Thursday, May 2, 2013

Is Religious Proselytizing a Problem in the Military?

Is religious proselytizing a problem in the military? Sean Hannity picked up the topic today on his radio program, protesting what he called the denial of the right of freedom of speech, "the bedrock of values in our country." He said that the Pentagon was proposing rules that would court-martial people who proselytized within the Pentagon. He asserted that it would even involve chaplains, who could not talk about their faith to soldiers who were seeking spiritual counseling, something he says that they have done since George Washington.

But the Military Religious Freedom Foundation says that there is a problem. The Associated Press reports that their leader, Mikey Weinstein, met with Pentagon officials:
MRFF founder Mikey Weinstein (WYN'-steen) says even a Christian bumper sticker on an officer's car or a Bible on an officer's desk can amount to "pushing this fundamentalist version of Christianity on helpless subordinates."
However, freedom of speech is never absolute. For instance, exercising one's First Amendment rights does not give one license to commit sexual harassment of a type that creates a hostile work environment. Your right to play loud music in your apartment ends when it steps on my right to privacy in my apartment and to have a good night's sleep. Your right to exercise freedom of expression does not mean you can come into my apartment, deface my wall, and call it freedom of speech. One close parallel to the one being discussed here is the topic of sexual harassment. In 1986, the Supreme Court unanimously held that sexual harassment is prohibited under US law; specifically, under the Civil Rights Act of 1964 as well as subsequent EEOC guidelines.
In its ruling, the SCOTUS held that a claim of "hostile environment" sexual harassment is a form of discrimination that is actionable under Title VII of the Civil Rights Act of 1964. They further held that it was not limited to economic or tangible discrimination based on EEOC guidelines. Furthermore, the court held that the proper inquiry was whether the sexual advances were unwelcome, not whether her participation in them was voluntary. After all, there is a pervasive fear in these situations that if she does not participate, then she could be terminated on the spot.
In 1993, the Supreme Court expanded its ruling unanimously. In a unanimous opinion that even Justice Scalia reluctantly concurred with, the Supreme Court concluded that a victim of sexual harassment need not prove psychological injury to prove sexual harassment claims.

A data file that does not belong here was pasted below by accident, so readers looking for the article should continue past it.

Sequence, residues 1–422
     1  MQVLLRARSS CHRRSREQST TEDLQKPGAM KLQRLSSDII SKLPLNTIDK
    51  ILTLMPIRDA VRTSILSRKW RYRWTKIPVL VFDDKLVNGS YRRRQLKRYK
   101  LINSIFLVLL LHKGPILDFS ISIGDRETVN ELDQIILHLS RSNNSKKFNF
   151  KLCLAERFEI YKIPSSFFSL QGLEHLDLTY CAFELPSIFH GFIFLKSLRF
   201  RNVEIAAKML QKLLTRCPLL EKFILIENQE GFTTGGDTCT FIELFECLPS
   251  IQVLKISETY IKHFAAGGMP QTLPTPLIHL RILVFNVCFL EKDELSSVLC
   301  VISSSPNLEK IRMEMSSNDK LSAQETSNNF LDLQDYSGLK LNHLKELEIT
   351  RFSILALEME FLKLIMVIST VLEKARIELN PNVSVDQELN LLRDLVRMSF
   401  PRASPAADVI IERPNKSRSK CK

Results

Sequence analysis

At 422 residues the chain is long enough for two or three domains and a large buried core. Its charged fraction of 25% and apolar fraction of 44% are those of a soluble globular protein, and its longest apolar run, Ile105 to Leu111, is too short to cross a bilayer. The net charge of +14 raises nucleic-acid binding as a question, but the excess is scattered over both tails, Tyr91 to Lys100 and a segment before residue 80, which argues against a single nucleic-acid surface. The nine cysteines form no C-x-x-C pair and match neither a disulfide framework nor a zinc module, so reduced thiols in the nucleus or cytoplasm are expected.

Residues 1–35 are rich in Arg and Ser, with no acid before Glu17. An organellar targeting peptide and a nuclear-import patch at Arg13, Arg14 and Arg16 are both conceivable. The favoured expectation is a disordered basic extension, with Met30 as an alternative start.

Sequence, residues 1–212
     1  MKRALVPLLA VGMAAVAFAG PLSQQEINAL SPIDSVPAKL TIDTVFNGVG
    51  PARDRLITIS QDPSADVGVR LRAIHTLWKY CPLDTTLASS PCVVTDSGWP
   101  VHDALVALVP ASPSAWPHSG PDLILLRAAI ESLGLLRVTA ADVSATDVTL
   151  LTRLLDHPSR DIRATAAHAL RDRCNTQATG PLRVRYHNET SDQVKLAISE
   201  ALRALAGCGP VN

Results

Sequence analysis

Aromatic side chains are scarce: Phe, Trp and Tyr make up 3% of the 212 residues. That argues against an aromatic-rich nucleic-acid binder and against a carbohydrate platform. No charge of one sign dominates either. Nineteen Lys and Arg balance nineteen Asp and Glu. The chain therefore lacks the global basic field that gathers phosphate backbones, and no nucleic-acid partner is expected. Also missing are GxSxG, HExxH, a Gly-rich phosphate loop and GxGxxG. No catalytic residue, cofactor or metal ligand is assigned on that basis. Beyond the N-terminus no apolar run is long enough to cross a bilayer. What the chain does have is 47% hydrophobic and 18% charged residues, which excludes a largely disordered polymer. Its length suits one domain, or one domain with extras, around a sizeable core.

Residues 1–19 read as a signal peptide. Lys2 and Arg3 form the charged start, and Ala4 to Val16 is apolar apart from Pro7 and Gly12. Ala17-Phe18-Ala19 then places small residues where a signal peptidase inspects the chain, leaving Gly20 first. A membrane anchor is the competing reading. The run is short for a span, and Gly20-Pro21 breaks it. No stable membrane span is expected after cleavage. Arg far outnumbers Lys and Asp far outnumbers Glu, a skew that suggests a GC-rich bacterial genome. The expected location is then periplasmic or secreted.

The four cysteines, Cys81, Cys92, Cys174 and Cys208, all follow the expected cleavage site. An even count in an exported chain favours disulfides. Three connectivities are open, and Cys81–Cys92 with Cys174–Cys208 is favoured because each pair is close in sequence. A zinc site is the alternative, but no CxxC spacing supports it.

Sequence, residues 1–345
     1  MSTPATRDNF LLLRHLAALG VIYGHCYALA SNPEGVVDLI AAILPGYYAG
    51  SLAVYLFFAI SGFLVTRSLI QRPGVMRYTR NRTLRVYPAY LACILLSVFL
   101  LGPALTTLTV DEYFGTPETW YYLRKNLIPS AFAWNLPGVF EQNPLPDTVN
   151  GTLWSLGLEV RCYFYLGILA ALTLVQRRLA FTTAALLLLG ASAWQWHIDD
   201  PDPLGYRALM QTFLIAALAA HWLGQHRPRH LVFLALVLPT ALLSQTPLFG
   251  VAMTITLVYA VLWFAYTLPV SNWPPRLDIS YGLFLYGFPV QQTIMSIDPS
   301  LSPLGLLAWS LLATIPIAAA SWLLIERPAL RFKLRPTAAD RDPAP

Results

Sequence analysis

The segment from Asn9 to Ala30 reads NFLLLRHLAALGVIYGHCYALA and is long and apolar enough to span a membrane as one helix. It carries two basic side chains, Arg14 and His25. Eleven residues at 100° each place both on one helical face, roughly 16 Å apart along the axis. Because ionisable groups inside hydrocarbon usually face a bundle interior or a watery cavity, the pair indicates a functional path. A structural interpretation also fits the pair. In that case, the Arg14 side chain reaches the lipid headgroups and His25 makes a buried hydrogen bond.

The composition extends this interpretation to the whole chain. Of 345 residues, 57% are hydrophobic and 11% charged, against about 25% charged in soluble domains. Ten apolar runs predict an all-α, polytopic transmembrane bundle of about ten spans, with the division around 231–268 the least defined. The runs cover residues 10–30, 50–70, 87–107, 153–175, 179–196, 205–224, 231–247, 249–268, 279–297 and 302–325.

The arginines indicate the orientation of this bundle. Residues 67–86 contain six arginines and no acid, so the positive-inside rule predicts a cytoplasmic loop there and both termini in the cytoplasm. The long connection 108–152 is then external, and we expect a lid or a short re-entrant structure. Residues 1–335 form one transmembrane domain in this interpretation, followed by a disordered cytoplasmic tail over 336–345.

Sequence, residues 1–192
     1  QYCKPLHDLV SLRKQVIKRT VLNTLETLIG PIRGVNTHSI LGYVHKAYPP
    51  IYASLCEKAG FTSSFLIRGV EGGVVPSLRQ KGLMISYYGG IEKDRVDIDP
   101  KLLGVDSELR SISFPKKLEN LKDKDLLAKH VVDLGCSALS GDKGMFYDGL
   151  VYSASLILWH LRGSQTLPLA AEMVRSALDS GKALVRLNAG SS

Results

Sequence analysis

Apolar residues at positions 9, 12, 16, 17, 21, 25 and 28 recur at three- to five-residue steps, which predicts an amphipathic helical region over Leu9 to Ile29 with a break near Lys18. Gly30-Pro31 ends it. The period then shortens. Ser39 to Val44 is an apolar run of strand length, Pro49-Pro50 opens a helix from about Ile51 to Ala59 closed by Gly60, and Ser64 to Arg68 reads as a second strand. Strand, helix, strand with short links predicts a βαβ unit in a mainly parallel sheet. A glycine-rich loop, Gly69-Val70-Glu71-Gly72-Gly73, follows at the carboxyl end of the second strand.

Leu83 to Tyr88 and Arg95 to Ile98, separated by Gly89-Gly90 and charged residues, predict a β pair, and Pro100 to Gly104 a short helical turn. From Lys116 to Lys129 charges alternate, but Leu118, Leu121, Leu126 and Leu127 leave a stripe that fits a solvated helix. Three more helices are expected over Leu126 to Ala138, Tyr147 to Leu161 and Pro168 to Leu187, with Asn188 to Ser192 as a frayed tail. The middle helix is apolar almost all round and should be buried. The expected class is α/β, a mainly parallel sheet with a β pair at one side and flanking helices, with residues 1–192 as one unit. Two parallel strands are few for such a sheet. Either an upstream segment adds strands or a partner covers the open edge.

Justice O'Connor said that one had to look at the totality of the case in order to determine sexual harassment claims:
But Title VII comes into play before the harassing conduct leads to a nervous breakdown. A discriminatorily abusive work environment, even one that does not seriously affect employees' psychological well-being, can and often will detract from employees' job performance, discourage employees from remaining on the job, or keep them from advancing in their careers. Moreover, even without regard to these tangible effects, the very fact that the discriminatory conduct was so severe or pervasive that it created a work environment abusive to employees because of their race, gender, religion, or national origin offends Title VII's broad rule of workplace equality. The appalling conduct alleged in Meritor, and the reference in that case to environments " 'so heavily polluted with discrimination as to destroy completely the emotional and psychological stability of minority group workers,' " merely present some especially egregious examples of harassment. They do not mark the boundary of what is actionable. We therefore believe the District Court erred in relying on whether the conduct "seriously affect(ed) plaintiff's psychological well-being" or led her to "suffe(r) injury." Such an inquiry may needlessly focus the factfinder's attention on concrete psychological harm, an element Title VII does not require. Certainly Title VII bars conduct that would seriously affect a reasonable person's psychological well-being, but the statute is not limited to such conduct. So long as the environment would reasonably be perceived, and is perceived, as hostile or abusive, there is no need for it also to be psychologically injurious.